- The existing DOT has become too politicized, with projects getting picked by DOT board members looking out for the folks back home instead of for the state. Projects get funded if the DOT member behind them has clout, not if they are important
- The DOT board doesn't really have any accountability, because the legislature elects them by congressional district. Legislators don't feel like the board listens to them, though, and DOT members can use project funding in a district as leverage.
- The current system prevents anyone from showing the leadership on transportation infrastructure this state desperately needs. The DOT board looks out for itself, while the Legislature and the Governor blame the DOT when nothing gets done.
One of the down-sides to having a part-time legislature is the last minute deal-making that goes along with Sine Die:
The Legislature’s compromise keeps the current Transportation Board intact but adds a planning director that the governor appoints. It lets the Legislature choose new projects for 20 percent of the funding, but it has to choose them from a list provided by the governor. Under current spending practices, that would be nearly all new projects, leaving the Transportation Board to pick the repair and repaving projects — also from a list provided by the governor — and a few new ones.So, the governor gets to put his own person in the DOT. That should go about as well as it did with Gena Evans. And, instead of having a reorganization that forced leaders to be responsible for what happened with transportation, we actually get a situation that is maybe even more political than before, with the Legislature choosing 20% of the projects. Jim Galloway reports that existing federal law may make these funds unavailable for metro area projects, too.
I guess the governor gets more sway in what happens, because he gets to pick the various lists that the DOT board and the legislature appropriates funds to. I would prefer to see this happen more like Perdue had it originally, with a board of appointed officials, in the open, and based on transparent criteria. I'm uncomfortable with it coming straight out of the Governor's office like this. The only real benefit is that at least with the legislature voting on the projects, these political decisions will be made a little more in the open, as opposed to at the DOT.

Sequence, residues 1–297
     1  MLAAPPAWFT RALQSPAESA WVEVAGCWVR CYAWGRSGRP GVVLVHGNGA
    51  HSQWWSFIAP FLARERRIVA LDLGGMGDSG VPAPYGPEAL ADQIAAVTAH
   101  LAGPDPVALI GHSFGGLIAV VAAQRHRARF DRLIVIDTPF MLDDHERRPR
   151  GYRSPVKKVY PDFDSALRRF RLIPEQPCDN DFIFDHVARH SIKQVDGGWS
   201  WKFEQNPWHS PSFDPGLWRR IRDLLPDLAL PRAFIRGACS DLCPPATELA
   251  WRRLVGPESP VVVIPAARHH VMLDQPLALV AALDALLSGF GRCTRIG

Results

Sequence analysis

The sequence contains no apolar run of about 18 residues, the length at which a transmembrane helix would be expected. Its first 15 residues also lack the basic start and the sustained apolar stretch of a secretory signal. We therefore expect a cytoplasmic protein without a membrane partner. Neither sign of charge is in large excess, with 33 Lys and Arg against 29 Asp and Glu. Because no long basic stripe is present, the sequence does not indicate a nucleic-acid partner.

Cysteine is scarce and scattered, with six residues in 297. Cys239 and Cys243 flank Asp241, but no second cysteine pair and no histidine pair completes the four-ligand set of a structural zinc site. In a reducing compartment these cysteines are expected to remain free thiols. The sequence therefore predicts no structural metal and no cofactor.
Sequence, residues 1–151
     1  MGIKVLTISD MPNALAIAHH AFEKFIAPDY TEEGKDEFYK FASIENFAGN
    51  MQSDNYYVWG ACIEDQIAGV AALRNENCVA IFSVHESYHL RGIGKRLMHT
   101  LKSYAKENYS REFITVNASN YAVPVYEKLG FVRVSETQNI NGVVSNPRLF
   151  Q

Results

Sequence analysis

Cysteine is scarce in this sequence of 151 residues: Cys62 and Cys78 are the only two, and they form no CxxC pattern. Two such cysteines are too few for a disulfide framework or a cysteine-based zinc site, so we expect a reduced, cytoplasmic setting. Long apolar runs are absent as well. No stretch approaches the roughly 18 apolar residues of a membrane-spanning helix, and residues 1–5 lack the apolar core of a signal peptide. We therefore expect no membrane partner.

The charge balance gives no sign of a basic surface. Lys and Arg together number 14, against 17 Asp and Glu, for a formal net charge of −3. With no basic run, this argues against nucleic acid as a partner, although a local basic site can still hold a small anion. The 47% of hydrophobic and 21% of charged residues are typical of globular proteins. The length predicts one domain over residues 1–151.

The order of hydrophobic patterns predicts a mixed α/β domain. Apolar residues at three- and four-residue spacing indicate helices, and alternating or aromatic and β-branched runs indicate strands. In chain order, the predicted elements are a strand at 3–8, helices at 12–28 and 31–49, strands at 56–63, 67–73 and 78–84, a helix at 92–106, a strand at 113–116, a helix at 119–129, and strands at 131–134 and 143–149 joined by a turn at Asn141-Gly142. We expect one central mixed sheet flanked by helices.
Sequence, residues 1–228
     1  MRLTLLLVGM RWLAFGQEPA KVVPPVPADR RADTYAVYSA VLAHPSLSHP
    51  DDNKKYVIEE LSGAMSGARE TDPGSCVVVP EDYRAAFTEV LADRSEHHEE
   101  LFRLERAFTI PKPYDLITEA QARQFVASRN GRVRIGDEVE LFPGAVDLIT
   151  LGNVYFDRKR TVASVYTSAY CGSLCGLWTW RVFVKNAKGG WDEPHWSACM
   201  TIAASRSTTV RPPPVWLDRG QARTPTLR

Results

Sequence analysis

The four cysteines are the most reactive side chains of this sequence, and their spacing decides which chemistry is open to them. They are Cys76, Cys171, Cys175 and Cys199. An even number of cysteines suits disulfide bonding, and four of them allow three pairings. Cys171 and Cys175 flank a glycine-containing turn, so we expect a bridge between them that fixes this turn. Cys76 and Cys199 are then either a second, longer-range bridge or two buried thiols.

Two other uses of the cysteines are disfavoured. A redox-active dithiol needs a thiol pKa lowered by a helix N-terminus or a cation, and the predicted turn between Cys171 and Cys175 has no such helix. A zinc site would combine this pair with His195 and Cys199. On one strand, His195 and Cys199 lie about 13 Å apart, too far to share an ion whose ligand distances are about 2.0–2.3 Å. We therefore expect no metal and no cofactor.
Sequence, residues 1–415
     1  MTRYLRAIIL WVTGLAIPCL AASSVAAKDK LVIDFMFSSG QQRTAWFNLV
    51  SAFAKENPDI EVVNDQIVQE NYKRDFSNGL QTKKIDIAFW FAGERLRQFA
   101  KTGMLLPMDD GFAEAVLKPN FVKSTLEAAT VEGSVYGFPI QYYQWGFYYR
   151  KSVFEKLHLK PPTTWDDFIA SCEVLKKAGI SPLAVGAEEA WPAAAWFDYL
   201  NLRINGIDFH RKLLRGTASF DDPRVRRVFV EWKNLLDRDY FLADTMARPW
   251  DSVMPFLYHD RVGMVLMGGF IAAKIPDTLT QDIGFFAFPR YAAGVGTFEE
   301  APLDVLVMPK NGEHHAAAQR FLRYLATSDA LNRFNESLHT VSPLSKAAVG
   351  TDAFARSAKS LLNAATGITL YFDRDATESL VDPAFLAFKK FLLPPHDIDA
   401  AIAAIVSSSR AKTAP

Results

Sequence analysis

I'm quite disappointed with the plan. It doesn't really seem to solve any of the points I raised above. Even though it lets the Governor direct which projects the DOT and the Legislature can choose from, I'm afraid it may actually put too much power in the Governor's hand and introduce a new level of secrecy to the whole system. I don't think it is much of an improvement. I of course have a serious issue if the metro area gets cut out of the appropriations process, as well.
All told, I'd rather Perdue veto this bill and let the legislature come back next year for a re-do. Combined with the near criminal negligence concerning the MARTA operations cap bill, it almost makes you wish for a full-time legislature. Then I remember how inane these clowns are, and I'm glad they are out of town for a while. What I really want back are politicians like Tom Murphy and Zell Miller who at least knew how to govern.